Jane Yolen's The One-Armed Queen is a sequel of sorts to her absolutely amazing Books of Great Alta: Sister Light, Sister Dark and White Jenna. The central figure and title character is Scillia, daughter and heir of Jenna, the White Queen of the Books of Great Alta. Jenna adopted the one-armed baby girl at a battle of the Gender Wars in White Jenna. She also has two younger biological sons, Jemson (Jem, Jemmie) and Corrine (Corrie).
The story of The One-Armed Queen begins fourteen years after the Gender Wars, which is the name given by historians to the events of The Books of Great Alta. Much has changed in the island country of the Dales --- although it is still ruled by a foreign king whose ancestors came from the mainland, Garun-Across-the-Sea, Carum Longbow is more accepted and even loved than any of his predecessors. Part of this is due to his skill and fairness as a ruler, but a greater part is due to the heroic deeds of the Gender Wars that earned him his throne, and the fact that he shares power equally with his partner, a native queen: White Jenna, the legendary Anna, believed to be an avatar of the Great Goddess Alta of the Dales and a figure hailed by prophecy in both Garunian and Dalite myths and legends. As mentioned before, these myths and legends are skillfully interwoven with the story and history of the Gender Wars in The Books of Great Alta. Fourteen years later, day to day life is still one of hard work in the Dales, but girl babies are no longer left abandoned on hillsides, counted worthless as a result of the Garunian invaders' patriarchy. Scillia is a moody adolescent, and her brother Jemson is sent away to be fostered by the Garuns, who send a prince of their own in an awkward semi-hostage situation that brings about a temporary, awkward peace between the mainland and the island folk but ultimately results in tragedy.
The One-Armed Queen is less about myth and magic than its predecessors, and more about politics, which is perhaps why it's less fun to read. It was written nearly ten years after White Jenna and didn't feel nearly as inspired by a long shot, which probably didn't do much for the magical quality of the text. This book is an epilogue to The Books of Great Alta, even though its plot largely overlaps the ending provided in White Jenna. It leaves a lot less to the imagination than the earlier books, which is a bit disappointing as well. My first response to reading it was to pretend The One-Armed Queen never happened, because it seemed to detract from the goodness of the books which came before it, which stand on their own as stories. White Jenna and Sister Light, Sister Dark could both work on their own, although the former begins kind of abruptly where the latter left off with a bit of a cliffhanger. This is not as true of The One-Armed Queen. It reminded me a bit of Orson Scott Card's Ender's Shadow, a retelling of the events of his famous Ender's Game from a different perspective --- enjoyable, but ultimately not as good as the original work. The first half of The One-Armed Queen echoes the epilogue of White Jenna which tells a glorified history book or fairy tale happily ever after ending to the story of White Jenna, her dark sister Skada, and the king Carum Longbow. Of course, the ending wasn't an ending for everyone involved, nor was it as simple and pretty as that. The shift of perspective in The One-Armed Queen makes that immediately apparent.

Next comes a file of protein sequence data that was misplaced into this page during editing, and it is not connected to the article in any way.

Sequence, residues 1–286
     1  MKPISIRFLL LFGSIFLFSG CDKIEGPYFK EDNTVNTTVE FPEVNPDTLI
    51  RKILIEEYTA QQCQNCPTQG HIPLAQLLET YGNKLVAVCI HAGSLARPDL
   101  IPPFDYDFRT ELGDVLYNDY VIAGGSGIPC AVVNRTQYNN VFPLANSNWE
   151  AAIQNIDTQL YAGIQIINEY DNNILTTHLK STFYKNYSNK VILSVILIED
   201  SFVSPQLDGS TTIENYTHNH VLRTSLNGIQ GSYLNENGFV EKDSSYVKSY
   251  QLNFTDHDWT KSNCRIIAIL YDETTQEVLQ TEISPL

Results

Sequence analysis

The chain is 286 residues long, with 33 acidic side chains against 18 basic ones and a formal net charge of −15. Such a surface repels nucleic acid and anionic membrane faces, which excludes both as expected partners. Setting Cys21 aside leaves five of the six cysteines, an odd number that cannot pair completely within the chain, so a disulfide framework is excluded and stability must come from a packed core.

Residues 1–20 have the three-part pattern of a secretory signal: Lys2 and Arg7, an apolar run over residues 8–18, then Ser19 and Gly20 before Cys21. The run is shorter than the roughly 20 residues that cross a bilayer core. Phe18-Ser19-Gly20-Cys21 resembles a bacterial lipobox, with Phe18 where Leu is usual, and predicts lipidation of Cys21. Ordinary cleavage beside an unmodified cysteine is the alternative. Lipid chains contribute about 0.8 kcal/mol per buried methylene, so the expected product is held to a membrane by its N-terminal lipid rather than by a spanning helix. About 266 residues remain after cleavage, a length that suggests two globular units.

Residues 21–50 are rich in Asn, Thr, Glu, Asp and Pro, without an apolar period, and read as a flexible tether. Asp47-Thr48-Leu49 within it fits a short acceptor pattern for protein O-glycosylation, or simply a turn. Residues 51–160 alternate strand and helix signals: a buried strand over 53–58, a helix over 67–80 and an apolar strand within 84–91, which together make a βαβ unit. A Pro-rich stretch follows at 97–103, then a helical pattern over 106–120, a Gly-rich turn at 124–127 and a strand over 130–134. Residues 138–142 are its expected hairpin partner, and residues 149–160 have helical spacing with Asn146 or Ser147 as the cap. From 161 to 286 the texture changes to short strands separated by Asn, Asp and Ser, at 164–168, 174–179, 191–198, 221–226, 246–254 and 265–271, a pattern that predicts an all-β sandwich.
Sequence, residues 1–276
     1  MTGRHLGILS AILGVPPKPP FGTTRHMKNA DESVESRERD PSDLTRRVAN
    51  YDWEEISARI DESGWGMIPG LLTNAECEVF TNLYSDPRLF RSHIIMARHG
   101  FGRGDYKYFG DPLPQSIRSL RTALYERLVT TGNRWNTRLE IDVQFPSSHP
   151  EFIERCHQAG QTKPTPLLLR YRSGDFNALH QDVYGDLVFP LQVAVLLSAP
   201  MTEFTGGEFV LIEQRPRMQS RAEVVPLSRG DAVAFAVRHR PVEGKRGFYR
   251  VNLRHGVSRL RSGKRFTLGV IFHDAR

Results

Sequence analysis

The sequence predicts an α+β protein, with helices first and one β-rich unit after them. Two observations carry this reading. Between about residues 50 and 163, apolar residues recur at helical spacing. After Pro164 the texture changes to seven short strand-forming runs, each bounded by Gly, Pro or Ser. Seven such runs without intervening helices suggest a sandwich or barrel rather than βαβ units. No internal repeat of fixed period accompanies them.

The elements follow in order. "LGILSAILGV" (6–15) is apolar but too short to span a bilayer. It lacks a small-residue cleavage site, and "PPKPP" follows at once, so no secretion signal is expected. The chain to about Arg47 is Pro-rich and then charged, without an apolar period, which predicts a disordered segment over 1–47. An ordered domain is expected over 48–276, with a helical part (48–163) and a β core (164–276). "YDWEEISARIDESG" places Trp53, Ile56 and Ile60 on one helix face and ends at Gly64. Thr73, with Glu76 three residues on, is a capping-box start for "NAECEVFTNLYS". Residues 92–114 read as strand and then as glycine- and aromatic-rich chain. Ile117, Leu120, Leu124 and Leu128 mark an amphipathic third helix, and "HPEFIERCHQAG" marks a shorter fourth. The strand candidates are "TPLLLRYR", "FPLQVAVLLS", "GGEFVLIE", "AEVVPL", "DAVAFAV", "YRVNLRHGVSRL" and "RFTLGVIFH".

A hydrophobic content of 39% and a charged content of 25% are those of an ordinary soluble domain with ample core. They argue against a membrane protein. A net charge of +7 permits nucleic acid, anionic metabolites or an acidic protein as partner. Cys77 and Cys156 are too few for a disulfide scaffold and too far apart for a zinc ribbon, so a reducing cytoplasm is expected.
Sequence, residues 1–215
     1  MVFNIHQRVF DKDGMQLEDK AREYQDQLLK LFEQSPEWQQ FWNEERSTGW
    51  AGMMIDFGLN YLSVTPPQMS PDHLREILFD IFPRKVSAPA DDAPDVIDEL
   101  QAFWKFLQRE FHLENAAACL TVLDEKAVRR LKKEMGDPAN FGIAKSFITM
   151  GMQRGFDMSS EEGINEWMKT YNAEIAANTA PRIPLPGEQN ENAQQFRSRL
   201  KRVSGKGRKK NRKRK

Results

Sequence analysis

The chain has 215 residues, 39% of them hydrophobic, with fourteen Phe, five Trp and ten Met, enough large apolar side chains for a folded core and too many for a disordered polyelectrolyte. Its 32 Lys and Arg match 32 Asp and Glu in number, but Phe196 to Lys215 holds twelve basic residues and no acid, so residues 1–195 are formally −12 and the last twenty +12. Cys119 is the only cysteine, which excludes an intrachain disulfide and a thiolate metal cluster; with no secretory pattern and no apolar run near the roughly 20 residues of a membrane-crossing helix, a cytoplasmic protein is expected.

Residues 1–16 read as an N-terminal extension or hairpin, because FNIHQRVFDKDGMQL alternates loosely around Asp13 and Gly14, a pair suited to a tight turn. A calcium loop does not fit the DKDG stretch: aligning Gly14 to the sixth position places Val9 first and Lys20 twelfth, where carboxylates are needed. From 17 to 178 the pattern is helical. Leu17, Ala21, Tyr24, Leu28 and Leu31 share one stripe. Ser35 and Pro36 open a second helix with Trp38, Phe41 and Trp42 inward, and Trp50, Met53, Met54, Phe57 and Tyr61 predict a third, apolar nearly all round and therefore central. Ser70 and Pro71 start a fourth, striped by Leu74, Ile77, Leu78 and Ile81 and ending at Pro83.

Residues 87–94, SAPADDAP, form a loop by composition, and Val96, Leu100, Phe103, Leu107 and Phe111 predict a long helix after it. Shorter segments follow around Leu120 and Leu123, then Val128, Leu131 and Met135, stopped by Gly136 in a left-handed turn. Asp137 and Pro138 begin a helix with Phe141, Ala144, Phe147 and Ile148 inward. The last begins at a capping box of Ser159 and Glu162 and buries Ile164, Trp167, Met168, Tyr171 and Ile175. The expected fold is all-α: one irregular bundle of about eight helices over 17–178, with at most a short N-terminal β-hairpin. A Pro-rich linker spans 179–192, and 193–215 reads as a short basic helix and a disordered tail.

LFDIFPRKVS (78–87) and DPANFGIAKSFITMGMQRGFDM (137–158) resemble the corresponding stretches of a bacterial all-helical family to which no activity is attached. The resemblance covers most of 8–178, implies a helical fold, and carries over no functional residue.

A large part of the problem of The One-Armed Queen is that Scillia's not a very sympathetic character. She's kind of a whiny little princess, in the worst sense of the word, although everybody tries to cut her slack. The problem is that no one, the reader included, can help but compare her to her famous, legendary mother. Jenna's character was forged in times of great trial and tribulation, whereas Scillia's life has been a lot more stable and boring, even tedious in places. So she's not as exciting as her mom. No big surprise.
Yolen returns to the style and form of The Books of Great Alta, splicing the myths and legends of the Dales into her main plot. In the earlier books, these gave the events of the Gender Wars a heightened sense of significance, although at times they felt a bit divorced from the reality of what was happening to the characters. In The One-Armed Queen, the gap between reality and myth is painfully apparent, and the story doesn't have the sweeping momentum that allowed me to accept this discrepancy in Sister Light, Sister Dark and White Jenna. The scholarly controversies about the history of the Dales are back again, but this time they feel much more one-sided: the author in question is the daughter of the historian quoted in The Books of Great Alta, attempting to complete her father's work and restore his academic reputation. We know her agenda from the very beginning, and so her writing lacks the hilarious pseudo-objectivity that made her father's analysis (all too often not even wrong) so amusing to read.
Close reading of The Books of Great Alta foreshadows the events of The One-Armed Queen:
Then Great Alta said, "There shall be one of you, my only daughter, who shall be thrice born and thrice orphaned. She shall lie by a dead mother's side three times yet shall herselve live. She shall be queen above all things yet queen she will not be. She shall carry a babe for each mother, yet mother them not. The three shall be as one and begin the world anew. So I say and so shall it be." (White Jenna, 34-5)
but despite the fact that the later book contains all the elements I enjoyed in The Books of Great Alta --- mixture of myth, legend, story, and history, it seemed to me to lack its predecessors' momentum and magic.
Yolen, Jane. The One-Armed Queen. New York: A Tom Doherty Associates Book. 1998. With Music of the Dales by Adam Stemple.